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Seymour Steward
by Gene Dressel

     Served as Camp commander beginning in 1907. He was the brother of Alcee Stewart (Camp Commander 1924-1925) and the son of Alcee William and Elizabeth Floyd (Greene) Stewart. Stewart was born in Thomaston, Georgia, and the family moved to St. Louis in 1875.  Seymour was educated at Smith’s Academy. In 1885 he began his business career with Samuel C. Davis Dry Goods Company. In 1890 he joined with Charles S.  Salveter, and formed Salveter & Stewart, Dealers in Men’s Furnishing goods, Clothing and Hats. During this time Stewart became a member of the Aetna Realty company. His residence was at 5261 Washington Avenue, a very exclusive area at that time. In 1908, at the age of forty-one, he retired from active business, and devoted himself on a full time basis to the Sons of Confederate Veterans. He served as Missouri Division Commander from 1911 til 1913, and in 1914 was elected to the National Executive Council SCV. At the May 1914  Reunion held in Jacksonville, Florida, Seymour Stewart was elected Commander-in-Chief of the Sons of Confederate Veterans. He served as the sixteenth Commander of the SCV, and the second of five Missourians to occupy that position. Seymour Stewart died of heart disease on July 1st 1927, and the SCV members at the Little Rock Reunion that year paid him the following tribute:” Whereas in the course of human affairs men are moved to service and public works through many conflicting motives. This has been true of this great patriotic, and historic organization. Many brilliant and worthy Sons of the South have served as leaders in this organization, but none of these served with greater zeal or a more exalted sense of duty than the late Seymour Stewart, No one connected with the organization ever had a less selfish ambition and personal interest in the life-long devotion he gave to the Sons of Confederate Veterans. : Therefore be it resolved, That the Sons of Confederate Veterans, in convention assembled, go on record in this testimonial to the late Seymour Stewart, because we have lost a comrade, a friend, and a sincere Southern patriot. His precious memory should be preserved and handed down along with the glorious tradition of the greatest army the world ever knew.” Seymour Stewart is buried in Bellefontaine Cemetery.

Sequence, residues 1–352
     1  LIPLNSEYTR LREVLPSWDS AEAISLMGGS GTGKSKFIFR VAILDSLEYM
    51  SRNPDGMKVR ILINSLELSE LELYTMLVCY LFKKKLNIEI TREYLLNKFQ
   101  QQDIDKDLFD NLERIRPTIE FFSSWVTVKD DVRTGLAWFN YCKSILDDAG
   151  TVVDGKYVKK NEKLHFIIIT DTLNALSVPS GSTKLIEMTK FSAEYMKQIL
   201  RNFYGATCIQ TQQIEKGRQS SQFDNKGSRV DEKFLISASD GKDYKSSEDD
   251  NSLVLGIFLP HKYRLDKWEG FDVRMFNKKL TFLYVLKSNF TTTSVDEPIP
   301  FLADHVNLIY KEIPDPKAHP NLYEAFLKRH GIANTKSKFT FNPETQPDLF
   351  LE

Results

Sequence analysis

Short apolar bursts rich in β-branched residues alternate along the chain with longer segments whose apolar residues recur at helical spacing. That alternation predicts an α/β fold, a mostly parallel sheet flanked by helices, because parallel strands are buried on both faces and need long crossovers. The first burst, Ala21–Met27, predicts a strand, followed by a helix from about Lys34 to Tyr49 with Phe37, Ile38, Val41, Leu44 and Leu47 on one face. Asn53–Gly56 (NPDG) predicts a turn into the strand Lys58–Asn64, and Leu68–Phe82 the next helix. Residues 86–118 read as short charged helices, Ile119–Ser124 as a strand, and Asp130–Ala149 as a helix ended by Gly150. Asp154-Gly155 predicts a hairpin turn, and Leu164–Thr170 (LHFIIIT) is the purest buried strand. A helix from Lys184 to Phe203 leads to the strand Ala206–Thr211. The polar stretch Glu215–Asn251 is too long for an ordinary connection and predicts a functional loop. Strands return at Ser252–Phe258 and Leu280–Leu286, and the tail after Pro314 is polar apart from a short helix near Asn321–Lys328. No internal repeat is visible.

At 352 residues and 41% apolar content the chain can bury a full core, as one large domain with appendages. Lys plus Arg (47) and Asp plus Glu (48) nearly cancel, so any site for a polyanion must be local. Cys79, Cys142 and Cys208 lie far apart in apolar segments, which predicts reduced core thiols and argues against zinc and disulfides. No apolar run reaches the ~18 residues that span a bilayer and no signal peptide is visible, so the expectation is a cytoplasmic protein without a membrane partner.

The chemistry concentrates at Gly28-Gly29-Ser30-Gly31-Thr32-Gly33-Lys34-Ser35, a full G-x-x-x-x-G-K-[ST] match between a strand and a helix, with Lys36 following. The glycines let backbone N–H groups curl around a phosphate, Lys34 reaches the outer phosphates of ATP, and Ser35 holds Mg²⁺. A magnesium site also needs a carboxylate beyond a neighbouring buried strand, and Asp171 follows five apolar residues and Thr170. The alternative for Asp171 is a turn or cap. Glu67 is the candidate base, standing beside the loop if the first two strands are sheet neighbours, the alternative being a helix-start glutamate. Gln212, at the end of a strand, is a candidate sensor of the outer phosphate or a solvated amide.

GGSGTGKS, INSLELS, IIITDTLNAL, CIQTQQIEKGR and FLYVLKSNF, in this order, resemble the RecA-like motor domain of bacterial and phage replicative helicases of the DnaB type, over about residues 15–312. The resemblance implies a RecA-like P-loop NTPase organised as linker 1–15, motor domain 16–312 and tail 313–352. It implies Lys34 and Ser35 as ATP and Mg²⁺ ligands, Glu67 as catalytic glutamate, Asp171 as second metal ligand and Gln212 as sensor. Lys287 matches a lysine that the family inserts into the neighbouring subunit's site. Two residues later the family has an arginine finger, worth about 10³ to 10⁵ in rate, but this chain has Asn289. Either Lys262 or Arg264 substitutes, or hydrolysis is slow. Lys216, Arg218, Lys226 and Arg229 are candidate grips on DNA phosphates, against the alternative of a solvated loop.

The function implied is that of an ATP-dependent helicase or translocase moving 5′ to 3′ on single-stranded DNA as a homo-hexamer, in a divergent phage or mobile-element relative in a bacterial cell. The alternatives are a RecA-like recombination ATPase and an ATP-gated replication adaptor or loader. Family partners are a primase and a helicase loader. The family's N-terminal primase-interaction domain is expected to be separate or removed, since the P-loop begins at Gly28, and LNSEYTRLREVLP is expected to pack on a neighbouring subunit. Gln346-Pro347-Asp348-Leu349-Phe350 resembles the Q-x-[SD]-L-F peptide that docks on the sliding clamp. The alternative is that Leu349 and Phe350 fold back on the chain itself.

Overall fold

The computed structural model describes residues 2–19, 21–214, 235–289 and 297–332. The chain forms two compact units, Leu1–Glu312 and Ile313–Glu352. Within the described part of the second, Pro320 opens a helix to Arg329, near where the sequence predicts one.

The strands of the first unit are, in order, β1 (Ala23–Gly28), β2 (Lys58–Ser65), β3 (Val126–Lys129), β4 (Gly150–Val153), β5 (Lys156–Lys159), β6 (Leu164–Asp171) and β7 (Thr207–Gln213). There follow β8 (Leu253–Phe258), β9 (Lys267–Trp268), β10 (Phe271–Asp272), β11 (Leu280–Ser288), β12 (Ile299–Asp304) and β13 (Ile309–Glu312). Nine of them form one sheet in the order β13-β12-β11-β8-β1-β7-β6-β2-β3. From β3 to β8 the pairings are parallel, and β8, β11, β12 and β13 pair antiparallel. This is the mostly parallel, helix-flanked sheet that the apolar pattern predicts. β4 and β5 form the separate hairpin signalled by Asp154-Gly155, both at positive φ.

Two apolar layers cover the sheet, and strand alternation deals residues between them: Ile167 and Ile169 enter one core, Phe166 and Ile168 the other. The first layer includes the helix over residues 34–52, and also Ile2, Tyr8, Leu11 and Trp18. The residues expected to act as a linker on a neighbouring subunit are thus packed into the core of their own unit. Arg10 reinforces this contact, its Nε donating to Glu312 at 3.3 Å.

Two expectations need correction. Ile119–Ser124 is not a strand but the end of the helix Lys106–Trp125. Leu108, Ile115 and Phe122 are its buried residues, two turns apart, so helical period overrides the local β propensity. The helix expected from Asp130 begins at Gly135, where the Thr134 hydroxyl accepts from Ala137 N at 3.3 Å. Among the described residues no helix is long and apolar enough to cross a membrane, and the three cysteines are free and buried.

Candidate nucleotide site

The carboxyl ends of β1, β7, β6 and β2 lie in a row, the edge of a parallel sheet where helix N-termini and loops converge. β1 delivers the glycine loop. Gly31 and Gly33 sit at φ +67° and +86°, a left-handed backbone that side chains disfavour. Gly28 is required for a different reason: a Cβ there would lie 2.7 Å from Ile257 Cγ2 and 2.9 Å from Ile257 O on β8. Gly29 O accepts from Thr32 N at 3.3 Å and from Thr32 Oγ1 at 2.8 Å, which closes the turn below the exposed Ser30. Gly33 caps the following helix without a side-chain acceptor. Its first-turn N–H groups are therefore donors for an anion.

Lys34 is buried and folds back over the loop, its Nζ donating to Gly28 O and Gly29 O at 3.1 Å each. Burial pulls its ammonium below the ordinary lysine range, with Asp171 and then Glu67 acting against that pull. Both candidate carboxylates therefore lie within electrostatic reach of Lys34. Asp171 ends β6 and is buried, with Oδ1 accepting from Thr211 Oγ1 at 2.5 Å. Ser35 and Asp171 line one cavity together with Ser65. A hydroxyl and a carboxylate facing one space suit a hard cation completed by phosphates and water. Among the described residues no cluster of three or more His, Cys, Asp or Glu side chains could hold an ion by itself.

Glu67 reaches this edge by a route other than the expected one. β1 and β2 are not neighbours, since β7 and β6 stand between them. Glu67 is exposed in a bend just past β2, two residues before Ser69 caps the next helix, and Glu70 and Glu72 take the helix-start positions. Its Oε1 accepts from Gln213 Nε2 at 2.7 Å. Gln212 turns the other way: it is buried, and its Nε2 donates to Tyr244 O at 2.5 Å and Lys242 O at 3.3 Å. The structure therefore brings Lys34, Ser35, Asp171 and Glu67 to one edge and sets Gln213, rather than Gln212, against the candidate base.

Sources; The Book of St. Louisans 1912 p.574 
C-I-C’s of the SCV by Lynn Shaw p.31-32 
Confederate Veteran Magazine 1914 p.445, and 1928 p.277 
Missouri Historical Society Necrology File Volume D   p.51